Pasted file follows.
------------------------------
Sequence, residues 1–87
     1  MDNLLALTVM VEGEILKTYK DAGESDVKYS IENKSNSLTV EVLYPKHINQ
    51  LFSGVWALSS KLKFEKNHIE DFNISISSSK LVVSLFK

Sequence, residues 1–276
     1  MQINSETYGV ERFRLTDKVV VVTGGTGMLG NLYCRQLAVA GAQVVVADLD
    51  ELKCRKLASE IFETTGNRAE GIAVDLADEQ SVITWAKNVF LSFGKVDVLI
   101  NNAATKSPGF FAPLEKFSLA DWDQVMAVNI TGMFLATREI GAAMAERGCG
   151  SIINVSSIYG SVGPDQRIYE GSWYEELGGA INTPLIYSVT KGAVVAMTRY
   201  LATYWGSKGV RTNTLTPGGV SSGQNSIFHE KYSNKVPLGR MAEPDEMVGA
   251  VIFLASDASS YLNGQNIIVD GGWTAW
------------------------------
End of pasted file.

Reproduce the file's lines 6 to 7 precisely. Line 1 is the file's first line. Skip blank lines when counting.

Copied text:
    51  ELKCRKLASE IFETTGNRAE GIAVDLADEQ SVITWAKNVF LSFGKVDVLI
   101  NNAATKSPGF FAPLEKFSLA DWDQVMAVNI TGMFLATREI GAAMAERGCG